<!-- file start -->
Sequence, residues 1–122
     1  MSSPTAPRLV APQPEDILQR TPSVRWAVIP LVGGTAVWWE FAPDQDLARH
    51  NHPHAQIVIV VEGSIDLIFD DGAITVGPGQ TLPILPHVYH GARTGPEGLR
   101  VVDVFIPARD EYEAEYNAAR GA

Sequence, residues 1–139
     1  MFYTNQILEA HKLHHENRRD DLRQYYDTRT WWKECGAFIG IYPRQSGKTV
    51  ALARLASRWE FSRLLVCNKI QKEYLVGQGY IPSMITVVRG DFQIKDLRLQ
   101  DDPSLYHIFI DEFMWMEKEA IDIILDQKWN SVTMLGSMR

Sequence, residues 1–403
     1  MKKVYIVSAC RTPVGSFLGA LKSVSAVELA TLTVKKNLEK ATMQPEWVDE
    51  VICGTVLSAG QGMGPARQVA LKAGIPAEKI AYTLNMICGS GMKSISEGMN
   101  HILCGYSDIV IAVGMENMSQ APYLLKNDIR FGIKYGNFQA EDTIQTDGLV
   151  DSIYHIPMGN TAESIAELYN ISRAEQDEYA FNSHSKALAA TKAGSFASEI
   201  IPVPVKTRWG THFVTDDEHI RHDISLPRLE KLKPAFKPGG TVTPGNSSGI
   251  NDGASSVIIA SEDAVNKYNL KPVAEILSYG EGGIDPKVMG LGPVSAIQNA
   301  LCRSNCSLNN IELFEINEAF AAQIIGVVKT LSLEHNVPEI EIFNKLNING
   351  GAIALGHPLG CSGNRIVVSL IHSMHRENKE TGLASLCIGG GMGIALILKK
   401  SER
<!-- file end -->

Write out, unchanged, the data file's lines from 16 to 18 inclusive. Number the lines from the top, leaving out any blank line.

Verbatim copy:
   301  LCRSNCSLNN IELFEINEAF AAQIIGVVKT LSLEHNVPEI EIFNKLNING
   351  GAIALGHPLG CSGNRIVVSL IHSMHRENKE TGLASLCIGG GMGIALILKK
   401  SER